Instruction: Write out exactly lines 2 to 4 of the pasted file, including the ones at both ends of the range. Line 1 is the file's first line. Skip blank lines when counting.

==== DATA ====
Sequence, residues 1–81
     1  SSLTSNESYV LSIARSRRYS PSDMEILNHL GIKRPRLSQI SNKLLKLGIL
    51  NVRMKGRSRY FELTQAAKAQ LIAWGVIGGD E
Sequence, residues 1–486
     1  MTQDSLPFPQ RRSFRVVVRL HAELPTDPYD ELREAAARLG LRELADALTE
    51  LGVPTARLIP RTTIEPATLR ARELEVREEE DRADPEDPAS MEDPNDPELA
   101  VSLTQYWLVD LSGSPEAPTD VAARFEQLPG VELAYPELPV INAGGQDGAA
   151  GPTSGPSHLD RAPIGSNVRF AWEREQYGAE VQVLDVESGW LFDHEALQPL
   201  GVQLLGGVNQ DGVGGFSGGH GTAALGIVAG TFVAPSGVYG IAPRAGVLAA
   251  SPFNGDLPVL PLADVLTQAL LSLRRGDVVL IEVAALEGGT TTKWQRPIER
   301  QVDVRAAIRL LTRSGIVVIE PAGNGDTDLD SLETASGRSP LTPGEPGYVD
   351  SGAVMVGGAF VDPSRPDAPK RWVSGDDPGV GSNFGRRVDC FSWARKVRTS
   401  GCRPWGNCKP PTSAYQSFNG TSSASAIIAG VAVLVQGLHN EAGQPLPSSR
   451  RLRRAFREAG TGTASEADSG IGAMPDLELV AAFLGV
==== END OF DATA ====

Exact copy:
     1  SSLTSNESYV LSIARSRRYS PSDMEILNHL GIKRPRLSQI SNKLLKLGIL
    51  NVRMKGRSRY FELTQAAKAQ LIAWGVIGGD E
Sequence, residues 1–486